No. 10 — March 10, 2000

 

Weekly Review

ASEAN COURTS JAPANESE INVESTORS
--- by Marc Castellano

The Association of Southeast Asian Nations and more than 700 Japanese companies held a seminar in Tokyo February 29 to promote investment in member countries. Asean, which comprises Brunei, Cambodia, Indonesia, Laos, Malaysia, Myanmar (formerly Burma), the Philippines, Singapore, Thailand and Vietnam, has been struggling to recover from the fallout from the 1997-99 East Asian financial and economic crisis. According to the United Nations Conference on Trade and Development, Indonesia, the Philippines and Thailand all saw inward foreign direct investment plunge in 1998 and drop again in 1999. Asean's road show in Tokyo was an effort to reverse this trend by convincing Japan's business community, the largest and most important source of investment funds for the region, that opportunities abound.

Malaysian International Trade and Industry Minister Dato Seri Rafidah Aziz, who led the 10-member delegation, identified three key reasons to invest in Asean countries. First, recovery finally has taken hold. Indeed, growth returned last year in Indonesia, Malaysia, the Philippines and Thailand — which, along with South Korea, were the economies hardest hit by the crisis. Second, the potential market in Asean nations is enormous: 513.2 million people and a combined 1998 gross national product equivalent to $682.7 billion. Finally, economic integration offers important business advantages. With the Asean Free Trade Area set to go into effect for the six core members in 2002 (see JEI Report No. 47A, December 17, 1999), Japanese suppliers interested in serving the entire area can locate facilities in any of the Asean countries.

Asean Secretary General H.E. Rodolfo C. Severino made similar remarks but focused on the strength of the Japan-Asean connection. He noted that interrelated bilateral trade and investment flows have been increasing for years, adding that "Japan is today, and for a long time has been, Asean's leading trading partner and largest market." Mr. Severino also pointed out that Japan had provided 20 percent of the net foreign direct investment inflow into Asean economies from 1995 through June 1999.

The Japanese presence in Southeast Asia indeed is large. Thousands of Japanese companies not only have established manufacturing bases in the region but also have developed market niches there. According to the Ministry of International Trade and Industry, Japan in 1996 had more corporations, employed more workers and generated more dollar sales in Asia than either the United States or Germany. In addition, despite the adverse effects of the two-year regional crisis, Japanese affiliates remain optimistic about the future and are making plans to expand (see JEI Report No. 36A, September 24, 1999). Although investment in the six main Asean nations plummeted in FY 1998, a rebound already appears to be underway (see Table).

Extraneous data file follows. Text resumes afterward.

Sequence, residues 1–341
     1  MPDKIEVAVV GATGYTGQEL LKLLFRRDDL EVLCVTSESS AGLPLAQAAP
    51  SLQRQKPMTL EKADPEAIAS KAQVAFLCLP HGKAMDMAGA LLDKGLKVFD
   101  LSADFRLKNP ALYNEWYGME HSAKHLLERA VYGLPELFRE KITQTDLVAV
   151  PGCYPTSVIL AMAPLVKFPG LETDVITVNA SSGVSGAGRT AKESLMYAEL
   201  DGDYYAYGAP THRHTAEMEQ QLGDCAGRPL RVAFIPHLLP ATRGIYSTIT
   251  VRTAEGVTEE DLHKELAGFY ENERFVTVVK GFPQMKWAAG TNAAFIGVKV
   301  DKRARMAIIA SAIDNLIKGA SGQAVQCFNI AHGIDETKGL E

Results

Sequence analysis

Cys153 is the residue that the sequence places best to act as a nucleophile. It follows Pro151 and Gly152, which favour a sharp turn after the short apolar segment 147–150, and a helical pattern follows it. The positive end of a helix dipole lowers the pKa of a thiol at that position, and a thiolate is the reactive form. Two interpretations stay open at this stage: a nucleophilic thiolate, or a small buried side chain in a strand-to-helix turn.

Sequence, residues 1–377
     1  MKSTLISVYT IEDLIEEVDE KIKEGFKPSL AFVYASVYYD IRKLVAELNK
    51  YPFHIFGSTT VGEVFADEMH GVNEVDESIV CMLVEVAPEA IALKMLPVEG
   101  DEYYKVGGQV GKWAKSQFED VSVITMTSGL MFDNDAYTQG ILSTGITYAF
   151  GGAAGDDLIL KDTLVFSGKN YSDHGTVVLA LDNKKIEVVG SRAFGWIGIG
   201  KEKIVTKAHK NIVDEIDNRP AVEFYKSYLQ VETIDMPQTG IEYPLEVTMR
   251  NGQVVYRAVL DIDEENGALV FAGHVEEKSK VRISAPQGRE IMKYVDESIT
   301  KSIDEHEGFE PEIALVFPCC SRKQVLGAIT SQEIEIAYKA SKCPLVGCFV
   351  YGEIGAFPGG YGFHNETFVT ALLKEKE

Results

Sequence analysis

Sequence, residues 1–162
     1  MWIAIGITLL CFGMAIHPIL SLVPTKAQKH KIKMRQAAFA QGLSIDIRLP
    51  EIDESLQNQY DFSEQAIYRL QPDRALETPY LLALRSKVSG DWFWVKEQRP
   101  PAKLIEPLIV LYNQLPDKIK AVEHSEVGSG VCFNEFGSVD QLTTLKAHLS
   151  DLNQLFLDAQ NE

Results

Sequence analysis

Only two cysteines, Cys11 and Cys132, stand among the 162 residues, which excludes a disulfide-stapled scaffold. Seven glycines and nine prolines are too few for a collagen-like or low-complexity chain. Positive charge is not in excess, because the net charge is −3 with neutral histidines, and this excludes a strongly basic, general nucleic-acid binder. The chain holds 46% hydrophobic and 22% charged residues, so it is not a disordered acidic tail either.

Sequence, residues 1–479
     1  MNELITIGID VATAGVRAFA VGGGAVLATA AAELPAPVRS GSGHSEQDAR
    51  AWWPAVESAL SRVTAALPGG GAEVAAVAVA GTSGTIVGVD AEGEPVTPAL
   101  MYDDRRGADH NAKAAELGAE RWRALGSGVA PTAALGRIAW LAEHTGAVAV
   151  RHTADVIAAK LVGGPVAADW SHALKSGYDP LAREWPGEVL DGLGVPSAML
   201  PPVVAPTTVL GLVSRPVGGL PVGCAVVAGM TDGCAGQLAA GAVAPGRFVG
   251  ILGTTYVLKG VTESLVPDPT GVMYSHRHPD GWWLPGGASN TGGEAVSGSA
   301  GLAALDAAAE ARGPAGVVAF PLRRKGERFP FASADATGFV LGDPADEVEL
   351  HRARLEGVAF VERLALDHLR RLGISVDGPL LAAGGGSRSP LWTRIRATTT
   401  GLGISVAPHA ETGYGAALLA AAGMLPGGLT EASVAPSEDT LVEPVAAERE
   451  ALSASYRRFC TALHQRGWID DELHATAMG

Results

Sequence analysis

aaaaa

Japan's Direct Investment in Six
Asean Countries,[1] FY 1995-FY 1999

(in billions of yen; notification basis)

Fiscal Year

Value

Change

1995

¥532.6

0.7%

1996

719.0

35.0

1997

960.8

33.6

1998

515.6

-46.3

1999[2]

326.1

26.5[3]

[1]Indonesia, Malaysia, the Philippines, Singapore, Thailand and Vietnam.

[2]First half of FY 1999.

[3]Estimate based on extrapolation of half-year data.

Source: Ministry of Finance

 At the same time, the outlook for aid flows, the third leg of the Japan-Asean economic relationship, may not be so rosy. Japan is the largest bilateral donor for many Asean countries, and it has provided substantial assistance in the wake of the financial and economic crisis. In October 1998, Finance Minister Kiichi Miyazawa unveiled a $30 billion initiative to support reeling East Asian nations. Half of the so-called Miyazawa Plan funding was designated for midrange to long-run requirements and the other half for short-term capital needs to support trade or to boost foreign exchange reserves during the process of economic reform. Other programs were added later to help the five countries hardest hit by the crisis (see JEI Report No. 30A, August 6, 1999).

The Ministry of Finance declared February 28, however, that the Miyazawa Plan had fulfilled its purpose after providing the last $5.3 billion tranche of a pledged $21.1 billion to five Asian nations. The shortfall of $8.9 billion apparently represents the unused portion of the short-term facility. A ministry spokesperson said that although Tokyo had not closed the door on aid, "there will be no further requirement for providing assistance to Asian nations unless sudden economic deterioration occurs again." He added that Japan's $150 million loan to Indonesia, promised in February as part of a package offered by a World Bank-led consortium of donors (see JEI Report No. 6B, February 11, 2000), would be the final installment of credit extended under the Miyazawa Plan. In all, Tokyo earmarked $2.9 billion for Indonesia, $4.4 billion for Malaysia, $2.5 billion for the Philippines, $2.9 billion for Thailand and $8.4 billion for South Korea.

Because most Southeast Asian countries seem to be on a recovery track, at least for now, the end of the Miyazawa Plan is unlikely to cause problems for the region. Moreover, with Japanese investment already returning as companies head south in search of lower production costs and alternative market opportunities, economic prospects are looking brighter.

The views expressed in this report are those of the author
and do not necessarily represent those of the Japan Economic Institute

Issue Index aaaa 2000 Archive Index aaaa Subscriber Area aaaa Home